Early this month, Massachusetts Governor Charlie Baker signed Bill S2119, a historic new law that supporters say will finally close the income gap between the sexes. The bill, which Gov. Baker signed on August 1st surrounded by state lawmakers, provides crucial expansions to income equality. Massachusetts has a bit of legacy in these types of laws – in 1954, the Commonwealth passed the first legislation related to gender discrimination. It is only fitting that now, over 60 years later, they are again leading the nation is pay equity legislation.
There are some attention-grabbing aspects of this new bill that are worth noting and have already been grabbing headlines. Foremost is the addition of language that helps finally realize the goal of pay equality. The bill uses the phrase, “substantially similar,” to define the types of work men and women cannot be paid unequally for. This is crucial. An example of how this new language will be applied is related to a lawsuit from the late 1980s. A group of female cafeteria workers at Everett High School realized that they were compensated far less than they predominately male custodian staff. The initial ruling in their favor was overturned by the Supreme Judicial Court in 1998, citing that the two groups work was not considered comparable and thus had no requirement of equal pay. Now, these types of work, which could be reasonably considered substantially similar, are legally bound to pay equality.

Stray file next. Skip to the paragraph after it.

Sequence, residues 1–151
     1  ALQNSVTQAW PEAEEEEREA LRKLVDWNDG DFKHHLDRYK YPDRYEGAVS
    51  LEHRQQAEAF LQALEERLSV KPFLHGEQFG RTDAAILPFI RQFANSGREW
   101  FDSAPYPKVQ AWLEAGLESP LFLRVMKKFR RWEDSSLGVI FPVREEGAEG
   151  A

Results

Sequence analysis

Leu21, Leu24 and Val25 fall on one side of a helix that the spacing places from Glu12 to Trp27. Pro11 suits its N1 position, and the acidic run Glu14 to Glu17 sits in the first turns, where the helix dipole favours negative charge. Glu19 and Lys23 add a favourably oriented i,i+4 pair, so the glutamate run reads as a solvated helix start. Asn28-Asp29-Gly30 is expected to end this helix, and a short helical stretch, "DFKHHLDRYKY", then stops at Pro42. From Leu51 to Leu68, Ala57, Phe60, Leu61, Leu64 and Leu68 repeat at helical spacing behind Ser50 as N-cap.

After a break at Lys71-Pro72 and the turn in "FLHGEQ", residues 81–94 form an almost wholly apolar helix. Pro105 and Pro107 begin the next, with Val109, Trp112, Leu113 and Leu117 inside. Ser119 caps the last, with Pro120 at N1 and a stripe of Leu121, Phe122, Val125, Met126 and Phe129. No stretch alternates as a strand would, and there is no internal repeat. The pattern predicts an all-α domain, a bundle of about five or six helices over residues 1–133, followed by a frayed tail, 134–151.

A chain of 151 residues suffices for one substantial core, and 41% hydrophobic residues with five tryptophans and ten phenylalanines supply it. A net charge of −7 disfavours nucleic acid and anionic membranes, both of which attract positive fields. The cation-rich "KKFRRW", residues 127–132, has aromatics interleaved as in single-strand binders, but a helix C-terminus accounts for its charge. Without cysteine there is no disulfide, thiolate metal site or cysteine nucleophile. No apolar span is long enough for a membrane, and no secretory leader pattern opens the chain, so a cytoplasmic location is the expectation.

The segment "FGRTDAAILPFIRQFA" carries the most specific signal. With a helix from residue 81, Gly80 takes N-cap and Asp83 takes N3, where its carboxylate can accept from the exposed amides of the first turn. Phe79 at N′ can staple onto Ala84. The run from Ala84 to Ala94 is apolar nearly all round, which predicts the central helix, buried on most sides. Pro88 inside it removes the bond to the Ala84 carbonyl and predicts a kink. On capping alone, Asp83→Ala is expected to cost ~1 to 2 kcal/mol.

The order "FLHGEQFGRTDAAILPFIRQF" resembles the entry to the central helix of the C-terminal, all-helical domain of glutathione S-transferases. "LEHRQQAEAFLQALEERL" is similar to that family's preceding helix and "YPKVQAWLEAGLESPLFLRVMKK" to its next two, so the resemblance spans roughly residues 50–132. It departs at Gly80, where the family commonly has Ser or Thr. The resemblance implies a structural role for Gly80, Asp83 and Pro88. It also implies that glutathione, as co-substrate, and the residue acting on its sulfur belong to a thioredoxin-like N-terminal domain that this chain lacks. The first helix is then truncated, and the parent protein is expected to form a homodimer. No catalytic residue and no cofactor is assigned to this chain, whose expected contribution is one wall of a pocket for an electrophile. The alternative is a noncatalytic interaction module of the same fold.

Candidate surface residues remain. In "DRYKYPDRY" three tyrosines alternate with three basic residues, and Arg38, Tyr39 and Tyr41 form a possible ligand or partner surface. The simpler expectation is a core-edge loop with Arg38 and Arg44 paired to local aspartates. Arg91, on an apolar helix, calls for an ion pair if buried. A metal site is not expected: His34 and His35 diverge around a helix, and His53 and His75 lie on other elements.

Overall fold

Another interesting facet of the new bill is barring potential employers from inquiring about your current and past salaries in interviews. By not allowing compensation disclosures in interviews, the hope is that previous income discrimination can be nipped in the bud when moving to a new company. If an employer knows that a potential employee’s previous salary is 21% lower than industry standard, giving them an offer at a 10% bump is still inequitable. Not allowing employers to inquire about past compensation can level the playing field, and empower interviewees to get more for their talents.
Additionally, the law bans any restrictions in the workplace on employees discussing their salary amongst themselves. It increases the statute of limitations on equal pay claims from one to three years.
With any change to labor laws, a windfall of lawsuits is sure to follow. And with Bill S2119 taking effect on January 1st 2018, employers have some time to make sure they are compliant.
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